Powerful questions ask us to notice and make room for what’s been put out of awareness – and to do this in a convivial public sphere. When a powerful question is asked in a group, people take notice. They’re curious, interested, and alive – all ears. As mentioned, they need and deserve the right to pass with honor. They need full freedom to answer lightly, deeply, or however they choose. But with that freedom, trust builds in the room. What might have been a chatter fest or a tense jockeying for airtime suddenly becomes a series of human moments to be shared together.
Block strongly advocates that facilitator and co-participants alike refrain from attempts to fix, advise, or help, and to replace those urges with curiosity. The form allows people to have their own experience and be in charge of how they are with it. This radical allowing promotes safety in the group and allows for more vulnerability and disclosure. There’s a natural tendency for next steps to emerge by themselves.
This small group work is very well-suited to citizen activism and lays a foundation for work on all kinds of personal projects that can be done with others. It fosters collective intelligence and forward momentum among people with a common cause.
The admonition against fixing, advising, or “helping” allows a speaker his or her own experience with no supposition that we the listener know better or even that we the listener had just that same experience some other time. Actually we didn’t have the same experience some other time. We had our own experience another time and the speaker had theirs. In the process of developing our own unique voice we let others have their voices, uniquely theirs expressed their ways.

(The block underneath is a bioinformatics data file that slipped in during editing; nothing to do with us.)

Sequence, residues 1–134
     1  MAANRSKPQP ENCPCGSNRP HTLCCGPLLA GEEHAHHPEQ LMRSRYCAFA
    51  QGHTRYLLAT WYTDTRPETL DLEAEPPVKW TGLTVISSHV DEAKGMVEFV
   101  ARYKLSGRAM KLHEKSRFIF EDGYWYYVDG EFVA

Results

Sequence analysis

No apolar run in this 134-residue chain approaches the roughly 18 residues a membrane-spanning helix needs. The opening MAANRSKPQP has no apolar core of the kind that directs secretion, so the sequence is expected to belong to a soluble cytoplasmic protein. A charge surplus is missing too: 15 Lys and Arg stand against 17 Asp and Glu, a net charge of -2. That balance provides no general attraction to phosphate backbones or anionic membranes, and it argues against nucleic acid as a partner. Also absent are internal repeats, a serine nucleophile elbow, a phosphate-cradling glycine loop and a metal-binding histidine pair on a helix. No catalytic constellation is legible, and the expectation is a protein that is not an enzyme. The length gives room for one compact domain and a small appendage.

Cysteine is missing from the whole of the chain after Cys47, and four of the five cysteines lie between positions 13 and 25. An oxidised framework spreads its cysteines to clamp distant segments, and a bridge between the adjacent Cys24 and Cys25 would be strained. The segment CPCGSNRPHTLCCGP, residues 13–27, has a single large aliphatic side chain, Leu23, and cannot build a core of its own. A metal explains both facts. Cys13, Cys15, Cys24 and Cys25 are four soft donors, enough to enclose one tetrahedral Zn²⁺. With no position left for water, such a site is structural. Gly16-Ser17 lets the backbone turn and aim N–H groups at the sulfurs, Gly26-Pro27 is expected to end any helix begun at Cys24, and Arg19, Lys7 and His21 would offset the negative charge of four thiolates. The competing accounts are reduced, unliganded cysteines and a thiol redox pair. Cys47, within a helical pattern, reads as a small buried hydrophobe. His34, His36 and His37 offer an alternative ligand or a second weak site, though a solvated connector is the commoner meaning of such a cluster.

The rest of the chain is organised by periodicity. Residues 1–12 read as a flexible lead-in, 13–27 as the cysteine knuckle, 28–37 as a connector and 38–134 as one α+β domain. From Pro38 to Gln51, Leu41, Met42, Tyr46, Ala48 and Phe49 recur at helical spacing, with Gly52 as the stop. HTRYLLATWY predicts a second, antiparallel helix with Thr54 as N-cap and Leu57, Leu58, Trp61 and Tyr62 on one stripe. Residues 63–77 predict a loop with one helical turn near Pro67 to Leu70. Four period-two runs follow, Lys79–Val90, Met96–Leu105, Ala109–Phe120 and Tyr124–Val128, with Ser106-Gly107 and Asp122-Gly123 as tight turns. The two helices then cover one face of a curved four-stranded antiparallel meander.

This can include their silence.
A first question usually centres on Connection: With all you could be doing with your precious time, why was it important for you to be here today? Or, What did you have to put aside in order to make room to be here today?
At the end is a separate Gifts conversation that allows us to express personally and directly what has touched us in the meeting.
Questions are answered in small groups of three or so because smaller groups allow for intimacy, safety, and air time. The flow goes from the small group to the larger circle, back and forth. In the middle of a meeting are a couple of questions that relate to life areas such as Ownership, Possibility, Dissent, Gifts, Commitment, and Dissent.
Those are a few of the core elements of the foundational we-space practice. They’re usually experienced as a powerful energetic hit. Peter Block says that each meeting should be an example of the future we want to create, and the ASG methodology qualifies for that.
New creative enterprises can be built on top of this foundation. The mysterious interplay of human creativity and the field is at work here and new enterprises spring from it.
Come practice and imagine how the process can transform a community you’re part of.